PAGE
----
A key learning point emerged during our 2017-18 research into Robotic Process Automation (RPA).
As RPA gained profile in organisations, and was being scaled, we have found managers running into very similar problems that IT-enabled business projects had routinely run into for many years. It became clear that it was all too easy to get deflected into technical issues, and the attractive, potential, business benefits RPA offered, and begin to neglect key change management issues. This meant that, as well as a strategic vision for RPA, there had to be, in place, a project sponsor; a project champion; and project management capability. It also meant that a lot of time would be needed getting stakeholder buy-in and getting the right structures in place. It meant that RPA had to be treated as a business project, with multi-disciplinary teams, working to fulfill business goals. Another corollary was that business change projects for many years have tended to operate using a time-box philosophy, eschewing over-functionality and applying the 80/20 rule – focusing on the 20% that gave 80% of the business value sought. Human resource and organisational change management must also come to the fore.
Increasingly we discovered organisations implementing RPA and needing to build stakeholder buy-in and change management practices to make the transformation successful. Jon Theuerkauf, Managing Director and Group Head of Performance Excellence at BNY Mellon, reminded us of this. He recounted how he and his team identified the need to get stakeholder buy-in very early on in order to get RPA implemented and scaled in the conservative banking culture in which he operates.
The Bank's primary functions are managing and servicing the investments of institutions and high-net-worth individuals. BNY Mellon is the world's largest custodian bank. As of June 30, 2017, BNY Mellon had $31.1 trillion in assets under custody and/or administration, and $1.8 trillion in assets under management. It operates in 35 countries in the Americas; Europe, the Middle East and Africa (EMEA); and Asia-Pacific, and employs over 50,000 people.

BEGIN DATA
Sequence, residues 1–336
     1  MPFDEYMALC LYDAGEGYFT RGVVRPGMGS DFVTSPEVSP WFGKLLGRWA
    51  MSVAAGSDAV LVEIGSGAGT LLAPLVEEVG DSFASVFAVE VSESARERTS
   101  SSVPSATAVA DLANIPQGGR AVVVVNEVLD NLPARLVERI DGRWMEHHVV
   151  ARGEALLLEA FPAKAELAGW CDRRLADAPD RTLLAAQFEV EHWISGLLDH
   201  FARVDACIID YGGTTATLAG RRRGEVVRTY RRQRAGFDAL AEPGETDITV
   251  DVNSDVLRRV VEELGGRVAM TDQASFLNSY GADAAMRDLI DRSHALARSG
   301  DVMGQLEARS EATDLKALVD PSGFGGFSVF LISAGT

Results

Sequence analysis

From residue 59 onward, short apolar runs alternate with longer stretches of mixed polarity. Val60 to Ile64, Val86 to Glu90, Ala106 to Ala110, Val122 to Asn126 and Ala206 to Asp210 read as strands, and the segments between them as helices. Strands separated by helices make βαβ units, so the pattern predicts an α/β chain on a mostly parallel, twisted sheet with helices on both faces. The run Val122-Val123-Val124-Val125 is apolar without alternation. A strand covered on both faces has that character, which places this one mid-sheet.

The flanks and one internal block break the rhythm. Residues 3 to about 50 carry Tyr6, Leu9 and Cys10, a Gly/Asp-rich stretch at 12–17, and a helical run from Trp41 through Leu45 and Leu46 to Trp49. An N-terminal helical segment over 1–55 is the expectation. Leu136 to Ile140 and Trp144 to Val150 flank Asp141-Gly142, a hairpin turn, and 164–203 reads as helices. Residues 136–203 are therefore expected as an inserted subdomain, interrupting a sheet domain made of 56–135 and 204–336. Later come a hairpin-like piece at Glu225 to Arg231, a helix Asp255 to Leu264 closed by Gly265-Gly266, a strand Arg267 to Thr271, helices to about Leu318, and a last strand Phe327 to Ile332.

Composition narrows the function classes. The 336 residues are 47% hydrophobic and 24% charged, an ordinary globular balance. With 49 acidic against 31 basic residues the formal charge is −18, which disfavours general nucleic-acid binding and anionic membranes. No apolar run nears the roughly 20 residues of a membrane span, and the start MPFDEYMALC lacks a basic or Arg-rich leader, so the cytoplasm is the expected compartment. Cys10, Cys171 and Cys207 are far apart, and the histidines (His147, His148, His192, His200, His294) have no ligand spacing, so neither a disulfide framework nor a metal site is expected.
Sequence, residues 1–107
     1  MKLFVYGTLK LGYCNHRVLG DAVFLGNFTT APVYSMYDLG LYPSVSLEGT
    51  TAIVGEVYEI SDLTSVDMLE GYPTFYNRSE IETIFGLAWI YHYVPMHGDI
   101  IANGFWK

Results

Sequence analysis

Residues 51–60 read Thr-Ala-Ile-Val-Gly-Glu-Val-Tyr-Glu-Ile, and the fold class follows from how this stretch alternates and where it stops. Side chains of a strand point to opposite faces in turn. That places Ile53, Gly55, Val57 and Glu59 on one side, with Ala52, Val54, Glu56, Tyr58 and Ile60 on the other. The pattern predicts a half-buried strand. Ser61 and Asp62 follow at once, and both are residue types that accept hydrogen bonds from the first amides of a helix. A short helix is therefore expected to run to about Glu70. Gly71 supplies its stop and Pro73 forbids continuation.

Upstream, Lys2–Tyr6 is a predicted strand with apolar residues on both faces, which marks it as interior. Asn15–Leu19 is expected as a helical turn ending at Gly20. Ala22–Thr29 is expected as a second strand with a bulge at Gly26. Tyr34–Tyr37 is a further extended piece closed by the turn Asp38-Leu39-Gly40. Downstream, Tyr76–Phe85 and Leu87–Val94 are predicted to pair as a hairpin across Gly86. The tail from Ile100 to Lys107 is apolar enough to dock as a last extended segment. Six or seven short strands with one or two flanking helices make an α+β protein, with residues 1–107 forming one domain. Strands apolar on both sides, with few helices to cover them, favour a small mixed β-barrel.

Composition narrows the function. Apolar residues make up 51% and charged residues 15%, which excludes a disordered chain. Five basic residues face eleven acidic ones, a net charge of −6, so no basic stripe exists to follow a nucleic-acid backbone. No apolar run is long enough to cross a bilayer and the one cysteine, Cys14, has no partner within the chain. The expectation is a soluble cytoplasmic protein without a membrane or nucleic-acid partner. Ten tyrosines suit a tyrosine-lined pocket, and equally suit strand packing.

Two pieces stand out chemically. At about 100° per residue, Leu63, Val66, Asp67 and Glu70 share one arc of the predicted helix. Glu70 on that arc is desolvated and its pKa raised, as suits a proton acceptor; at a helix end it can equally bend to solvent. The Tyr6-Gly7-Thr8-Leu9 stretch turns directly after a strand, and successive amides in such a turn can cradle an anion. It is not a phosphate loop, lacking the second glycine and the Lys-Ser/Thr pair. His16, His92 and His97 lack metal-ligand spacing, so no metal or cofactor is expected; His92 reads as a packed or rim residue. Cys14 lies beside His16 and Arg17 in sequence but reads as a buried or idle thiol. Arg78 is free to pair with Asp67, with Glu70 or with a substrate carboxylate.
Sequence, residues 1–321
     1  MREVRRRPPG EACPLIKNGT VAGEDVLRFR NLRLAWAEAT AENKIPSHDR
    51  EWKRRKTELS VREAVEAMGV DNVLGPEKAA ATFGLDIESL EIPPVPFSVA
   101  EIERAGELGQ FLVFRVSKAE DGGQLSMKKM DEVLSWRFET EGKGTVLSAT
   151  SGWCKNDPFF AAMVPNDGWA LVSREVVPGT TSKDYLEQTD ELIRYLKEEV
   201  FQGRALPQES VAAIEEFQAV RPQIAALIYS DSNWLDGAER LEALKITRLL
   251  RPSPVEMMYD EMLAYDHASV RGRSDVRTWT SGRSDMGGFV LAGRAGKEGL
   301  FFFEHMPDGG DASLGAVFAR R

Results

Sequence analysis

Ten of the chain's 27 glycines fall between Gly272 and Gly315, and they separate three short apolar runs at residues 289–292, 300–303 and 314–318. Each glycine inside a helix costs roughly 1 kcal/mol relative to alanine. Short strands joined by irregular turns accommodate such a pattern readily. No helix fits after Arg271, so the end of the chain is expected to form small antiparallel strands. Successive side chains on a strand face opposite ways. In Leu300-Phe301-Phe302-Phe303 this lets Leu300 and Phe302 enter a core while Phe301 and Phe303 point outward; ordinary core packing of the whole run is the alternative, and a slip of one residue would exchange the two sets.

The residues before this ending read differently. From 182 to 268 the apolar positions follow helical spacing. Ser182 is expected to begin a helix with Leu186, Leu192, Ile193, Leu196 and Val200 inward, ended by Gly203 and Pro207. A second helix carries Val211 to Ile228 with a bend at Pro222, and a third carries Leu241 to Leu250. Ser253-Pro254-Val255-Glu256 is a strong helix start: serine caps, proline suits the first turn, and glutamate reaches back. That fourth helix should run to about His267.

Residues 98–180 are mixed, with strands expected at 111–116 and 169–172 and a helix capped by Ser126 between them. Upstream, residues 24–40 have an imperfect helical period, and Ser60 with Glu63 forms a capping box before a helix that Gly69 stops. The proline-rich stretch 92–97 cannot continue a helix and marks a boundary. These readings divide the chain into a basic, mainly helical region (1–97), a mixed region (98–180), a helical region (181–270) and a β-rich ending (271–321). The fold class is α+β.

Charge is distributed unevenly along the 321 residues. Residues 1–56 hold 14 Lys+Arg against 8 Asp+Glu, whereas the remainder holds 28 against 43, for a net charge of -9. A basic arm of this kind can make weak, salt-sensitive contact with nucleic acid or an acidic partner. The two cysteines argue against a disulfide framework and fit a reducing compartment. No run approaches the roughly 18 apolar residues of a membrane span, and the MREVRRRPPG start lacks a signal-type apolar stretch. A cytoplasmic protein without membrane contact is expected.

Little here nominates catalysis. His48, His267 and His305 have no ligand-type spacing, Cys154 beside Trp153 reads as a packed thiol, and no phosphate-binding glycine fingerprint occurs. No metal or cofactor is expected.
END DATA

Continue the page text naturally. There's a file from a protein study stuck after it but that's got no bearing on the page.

BNY Mellon began its RPA journey in early 2016. By June, they had multiple projects underway and had moved approximately 50 software robots into production. One key use case was reconciling unsettled trades on behalf of customers. Another use case was to automate the daily reconciliation of client’s assets held in custody to Investment Manager data. By March 2017, BNY Mellon could report results such as 100% accuracy in account-closure validations across five systems, 88% improvement in processing time, 66% improvement in trade entry turnaround time, and 20 second robotic trade settlements vs. 60 seconds by a human. Through 2017, the automation of processes noticeably accelerated as BNY Mellon gained the benefits of doing a great deal of preparation work during the start-up phase.
Jon Theuerkauf has been an effective Project Champion, and was fully supported and sponsored by his boss, the Head of Client Service Delivery, the bank’s service operations unit. As the Project Sponsor, Jon’s boss provided resources, ‘air cover’, and allowed a fail fast culture to exist in the RPA environment. The interesting dimension was how Jon and his team worked not only to gain stakeholder buy-in from the business people who would ultimately be using the technology, but also brought together control, audit, risk, legal and various technical SME’s to help the RPA team build the infrastructure they believed was necessary to run fast and run safely.
Jon’s belief was to “begin with the end in mind” and use all the available resources to get what you need in place first and then go. Keep learning, and “change as you do learn from what you are doing and from others, but don’t get paralyzed.” He also got agreement on governance rules and on how the projects would be run and managed. He set a goal to have projects delivered in 28 days using a combination of Waterfall and Agile software development methods called ‘Wagile’.
BNY Mellon completed 40 RPA automation projects in 2016, with an average delivery time between 45 and 60 days and is now working to get that closer to the 28-day average. It was Jon’s belief that in order to build and use automated processes fast, a whole support infrastructure is required to be in place first or you risk be slowed down or stopped later.
By mid-2017, BNY Mellon had over 200 robots in production. They had automated 100+ processes and were adopting machine learning, OCR technologies and other Intelligent Automation tools into their now new SmartTech Ecosystem. They will at some point move to explore and test further advances into cognitive automation. Jon further commented:
“The existing environment today is at least three-to-five years out from a fully integrated automated operating environment leading the way to something resembling more akin to a more mature adult’s cognitive capability. To get there, begin your automation efforts with the end in mind, and remain focused on a more structured data operating environment.”
You can read more about this case and many others in our new book: Robotic Process and Cognitive Automation – The Next Phase. Available from www.SBPublishing.org